As a species, human beings are nothing if not predictable. After every horrific disaster, whether man-made or natural, accidental or deliberate, we come together to collectively decide what we can do to prevent the next one.
In the case of the Germanwings intentional crash, the spitballing has already begun. Should we submit pilots to more rigorous psychological testing? Should they have to complete more training? Can technology help? And of course there’s the favorite of every government: more regulations.
But with fresh reports that co-pilot Andreas Lubitz spent time researching suicide methods and cockpit door security before crashing his plane into the French Alps, one has to wonder what, if anything, could have been done to prevent this mentally unstable pilot, hell-bent on taking his plane down, from carrying out some version of this terrifying mass murder.
And that might be the hardest lesson to learn out of these tragedies: Although there may be some useful revelations about security lapses or holes in the system, more often than not if a person is determined to do something terrible, it’s nearly impossible to prevent them.
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Nevertheless, we always try, don’t we? For instance, the Federal Kidnapping Act of 1932 was a response to the abduction of Charles Lindbergh’s baby, allowing federal authorities to intervene when kidnappers crossed state lines with their victims.
After the 1956 abduction of another baby, Peter Weinberger, President Dwight Eisenhower signed legislation reducing the FBI’s waiting period in kidnapping cases from seven days to 24 hours.
Although they were all inarguably good ideas, it’s hard not to notice that not one of these new practices would prevent a future kidnapping.
But perhaps no phenomenon has triggered more legislative reaction to correct for the last disaster than mass shootings. The 1994 assault weapons ban signed by President Bill Clinton was a response to a 1989 shooting in Stockton, Calif., where five children were killed by a drifter named Patrick Purdy, who used a Chinese version of an AK-47. Even though a 2004 review of the effects of that ban by the National Research Council found that it “did not reveal any clear impacts on gun violence outcomes,” anti-gun legislation is still regularly raised by Congress as a means of preventing future mass shootings.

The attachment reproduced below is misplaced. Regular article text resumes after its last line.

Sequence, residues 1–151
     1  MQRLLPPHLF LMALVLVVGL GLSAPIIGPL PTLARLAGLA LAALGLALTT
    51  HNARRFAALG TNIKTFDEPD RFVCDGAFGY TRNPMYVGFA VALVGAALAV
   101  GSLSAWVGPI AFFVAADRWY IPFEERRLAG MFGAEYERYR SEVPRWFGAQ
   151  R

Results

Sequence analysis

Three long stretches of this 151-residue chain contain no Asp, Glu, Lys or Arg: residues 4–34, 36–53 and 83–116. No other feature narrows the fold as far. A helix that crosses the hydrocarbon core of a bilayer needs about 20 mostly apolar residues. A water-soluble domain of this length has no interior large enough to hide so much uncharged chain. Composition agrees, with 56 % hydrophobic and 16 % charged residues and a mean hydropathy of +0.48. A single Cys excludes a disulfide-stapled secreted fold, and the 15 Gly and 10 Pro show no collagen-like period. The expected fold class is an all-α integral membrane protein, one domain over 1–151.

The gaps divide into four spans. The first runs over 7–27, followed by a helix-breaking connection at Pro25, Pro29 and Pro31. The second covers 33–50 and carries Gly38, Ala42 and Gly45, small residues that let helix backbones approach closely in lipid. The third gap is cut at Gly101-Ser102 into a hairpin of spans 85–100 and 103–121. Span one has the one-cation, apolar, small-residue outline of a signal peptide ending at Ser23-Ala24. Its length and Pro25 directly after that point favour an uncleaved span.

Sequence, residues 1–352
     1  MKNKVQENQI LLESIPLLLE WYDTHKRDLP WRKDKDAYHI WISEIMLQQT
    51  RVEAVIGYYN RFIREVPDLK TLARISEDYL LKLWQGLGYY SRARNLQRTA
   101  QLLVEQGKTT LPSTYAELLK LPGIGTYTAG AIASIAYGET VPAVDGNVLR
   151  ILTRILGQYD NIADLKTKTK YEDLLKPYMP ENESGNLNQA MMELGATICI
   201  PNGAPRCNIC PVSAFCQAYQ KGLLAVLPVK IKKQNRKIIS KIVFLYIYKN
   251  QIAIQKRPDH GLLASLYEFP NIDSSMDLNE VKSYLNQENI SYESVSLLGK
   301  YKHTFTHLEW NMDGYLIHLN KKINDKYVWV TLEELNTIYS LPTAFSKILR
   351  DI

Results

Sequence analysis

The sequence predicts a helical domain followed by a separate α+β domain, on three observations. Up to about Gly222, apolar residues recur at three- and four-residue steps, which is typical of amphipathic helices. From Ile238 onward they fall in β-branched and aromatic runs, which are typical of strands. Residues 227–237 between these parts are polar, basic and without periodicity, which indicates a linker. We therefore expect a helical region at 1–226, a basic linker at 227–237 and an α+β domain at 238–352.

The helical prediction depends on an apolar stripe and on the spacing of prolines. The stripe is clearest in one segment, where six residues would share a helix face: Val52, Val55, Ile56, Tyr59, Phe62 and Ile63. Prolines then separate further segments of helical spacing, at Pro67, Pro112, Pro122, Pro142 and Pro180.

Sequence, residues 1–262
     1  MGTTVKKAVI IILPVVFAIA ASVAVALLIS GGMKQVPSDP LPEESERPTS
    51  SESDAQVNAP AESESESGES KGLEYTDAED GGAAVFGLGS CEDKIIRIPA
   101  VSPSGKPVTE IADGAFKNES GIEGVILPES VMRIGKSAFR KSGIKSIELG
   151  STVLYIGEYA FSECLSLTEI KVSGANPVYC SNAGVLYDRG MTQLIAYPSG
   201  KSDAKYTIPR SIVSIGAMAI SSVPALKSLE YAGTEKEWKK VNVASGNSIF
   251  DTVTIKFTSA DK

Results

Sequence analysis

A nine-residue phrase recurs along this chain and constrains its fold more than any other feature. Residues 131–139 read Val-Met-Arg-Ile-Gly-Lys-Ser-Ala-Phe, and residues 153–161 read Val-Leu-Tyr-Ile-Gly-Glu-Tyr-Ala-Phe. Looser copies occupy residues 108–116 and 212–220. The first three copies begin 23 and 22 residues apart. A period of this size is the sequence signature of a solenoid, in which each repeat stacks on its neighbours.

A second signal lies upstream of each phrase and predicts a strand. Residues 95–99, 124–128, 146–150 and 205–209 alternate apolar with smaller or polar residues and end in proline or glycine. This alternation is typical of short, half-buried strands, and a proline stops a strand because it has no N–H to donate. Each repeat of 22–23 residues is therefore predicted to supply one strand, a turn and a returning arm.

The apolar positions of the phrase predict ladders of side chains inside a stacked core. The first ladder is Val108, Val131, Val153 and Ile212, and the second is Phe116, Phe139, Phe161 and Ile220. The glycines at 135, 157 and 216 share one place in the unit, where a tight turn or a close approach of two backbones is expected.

Proving that you don’t need a gun to commit a heinous atrocity, less than one year after the 1994 assault weapons ban passed, Timothy McVeigh detonated a truck bomb in front of the Alfred P. Murrah Federal Building in Oklahoma City, killing 168 people and injuring more than 600.
Of course, after the terrorist attacks in 2001, America created a whole new federal agency and a host of new laws — including one requiring cockpit doors to lock from the inside — to address the threat of airplane hijackings, which were pulled off on 9/11 with neither guns nor explosives.
Europe followed suit, with former French President Nicolas Sarkozy strengthening France’s anti-terror laws five separate times while in office. Just this past September, current President Francois Hollande increased government access to citizens’ personal data. But on Jan. 7, two brothers — who were already being watched by French authorities, thanks to more robust surveillance laws — still managed to gun down 11 people at the Paris offices of Charlie Hebdo and a police officer on the street outside.
On the one hand, this tendency to want to solve for these acts of violence and terror, both random and organized, reveals an alarmingly arrogant side of human nature. One should always be wary of so-called solutionists who think they can solve complex and unpredictable problems with any number of facile work-arounds. As C.S. Lewis wrote, “I dread specialists in power, because they are specialists speaking outside of their special subject.”
Yet we routinely trust just these kinds of specialists in power to solve problems they likely know little about, from curbing gun violence to preventing oil spills. Lawmakers are rarely social scientists or engineers, but that doesn’t stop them from passing legislation meant to control the laws of nature, the laws of physics or the lawlessness of human evil.
On the other hand, some problems surely can be solved, and optimism might just be our greatest evolutionary achievement. As Albert Einstein put it, “Only those who attempt the absurd can achieve the impossible.”
It’s hard to make sense of senselessness. So it feels good to think we have “done something” to prevent another Timothy McVeigh or Andreas Lubitz. But the likelihood is that evil-doers will find a way. Once we accept that our earnest attempts to correct the future are actually futile attempts to prevent the past, maybe we’ll finally get the peace of mind that we crave.
S.E. Cupp is a Washington-based CNN contributor and author of “Losing Our Religion.”